Herb: Tuberous Thistle


Latin name: Cirsium tuberosum


Synonyms: Carduus bulbosum, Carduus tuberosus, Cnicus tuberosus


Family: Compositae



Edible parts of Tuberous Thistle:

Root - cooked. It can be stored overwinter. A slight bitterness but acceptable, it makes a reasonable cooked vegetable. Sometimes, however, the root seems to be very aromatic and is then less than pleasant. The root is rich in inulin, a starch that cannot be digested by humans. This starch thus passes straight through the digestive system and, in some people, ferments to produce flatulence.

Description of the plant:



Plant:
Perennial


Height:
60 cm
(2 feet)

Flowering:
June to
August

Habitat of the herb:

Damp grassland on calcareous soils.

Other uses of Tuberous Thistle:

The seed fluff is used as a tinder. The seed of all species of thistles yields a good oil by expression. No details of potential yields etc are given.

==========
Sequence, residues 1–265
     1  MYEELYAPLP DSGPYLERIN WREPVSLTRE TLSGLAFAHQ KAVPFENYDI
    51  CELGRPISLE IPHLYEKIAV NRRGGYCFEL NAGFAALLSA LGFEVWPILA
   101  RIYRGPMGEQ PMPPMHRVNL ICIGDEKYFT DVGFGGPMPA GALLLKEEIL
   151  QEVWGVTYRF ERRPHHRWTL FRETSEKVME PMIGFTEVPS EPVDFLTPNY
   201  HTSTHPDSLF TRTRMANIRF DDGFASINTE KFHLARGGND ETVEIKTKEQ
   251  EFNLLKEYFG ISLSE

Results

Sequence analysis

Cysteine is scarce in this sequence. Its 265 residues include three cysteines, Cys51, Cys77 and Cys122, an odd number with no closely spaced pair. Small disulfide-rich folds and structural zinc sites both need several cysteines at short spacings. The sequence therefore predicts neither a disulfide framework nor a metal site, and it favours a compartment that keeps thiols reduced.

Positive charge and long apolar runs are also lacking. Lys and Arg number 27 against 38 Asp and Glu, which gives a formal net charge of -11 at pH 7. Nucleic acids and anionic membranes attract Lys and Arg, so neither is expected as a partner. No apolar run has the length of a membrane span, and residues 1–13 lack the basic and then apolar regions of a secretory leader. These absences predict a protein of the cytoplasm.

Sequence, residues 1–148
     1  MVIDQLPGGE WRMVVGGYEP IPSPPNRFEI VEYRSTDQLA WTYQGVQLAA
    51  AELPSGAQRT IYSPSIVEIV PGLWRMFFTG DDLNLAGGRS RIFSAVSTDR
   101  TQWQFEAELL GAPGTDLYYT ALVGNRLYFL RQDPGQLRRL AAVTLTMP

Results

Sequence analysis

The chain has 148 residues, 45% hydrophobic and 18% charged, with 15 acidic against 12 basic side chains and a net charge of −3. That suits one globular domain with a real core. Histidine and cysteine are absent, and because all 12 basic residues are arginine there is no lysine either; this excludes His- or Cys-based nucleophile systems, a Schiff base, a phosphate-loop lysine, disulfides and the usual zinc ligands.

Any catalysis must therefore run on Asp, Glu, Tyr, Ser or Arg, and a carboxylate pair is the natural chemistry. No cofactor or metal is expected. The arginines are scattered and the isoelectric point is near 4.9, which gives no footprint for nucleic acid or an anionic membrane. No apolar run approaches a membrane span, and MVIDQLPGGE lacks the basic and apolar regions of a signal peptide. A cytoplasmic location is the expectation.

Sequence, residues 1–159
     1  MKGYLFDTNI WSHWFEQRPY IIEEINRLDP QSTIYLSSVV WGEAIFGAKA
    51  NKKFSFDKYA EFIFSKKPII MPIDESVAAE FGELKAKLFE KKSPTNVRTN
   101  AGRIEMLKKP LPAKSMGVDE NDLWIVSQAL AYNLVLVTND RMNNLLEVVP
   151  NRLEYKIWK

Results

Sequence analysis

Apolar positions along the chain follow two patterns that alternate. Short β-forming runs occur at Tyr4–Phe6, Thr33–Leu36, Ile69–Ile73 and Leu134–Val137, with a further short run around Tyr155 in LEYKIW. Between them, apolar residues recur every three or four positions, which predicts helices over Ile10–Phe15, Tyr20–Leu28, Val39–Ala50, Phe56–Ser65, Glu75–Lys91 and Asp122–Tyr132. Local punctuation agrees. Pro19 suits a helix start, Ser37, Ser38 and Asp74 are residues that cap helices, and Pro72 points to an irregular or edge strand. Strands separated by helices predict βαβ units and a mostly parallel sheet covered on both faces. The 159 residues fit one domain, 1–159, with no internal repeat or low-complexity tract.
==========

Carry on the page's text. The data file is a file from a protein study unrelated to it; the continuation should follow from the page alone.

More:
Propagation of the herb:

Seed - sow early spring or autumn in situ. Germination usually takes place within 2 - 8 weeks at 20C. Division in spring or autumn. Very easy, larger clumps can be replanted direct into their permanent positions, though it is best to pot up smaller clumps and grow them on in a cold frame until they are rooting well. Plant them out in the summer or following spring.

Cultivation of Tuberous Thistle:

Damp grassland on calcareous soils.

Medicinal use of the herb:

None known

Known hazards of Cirsium tuberosum:

None known

Plant information taken from the Plants For A Future.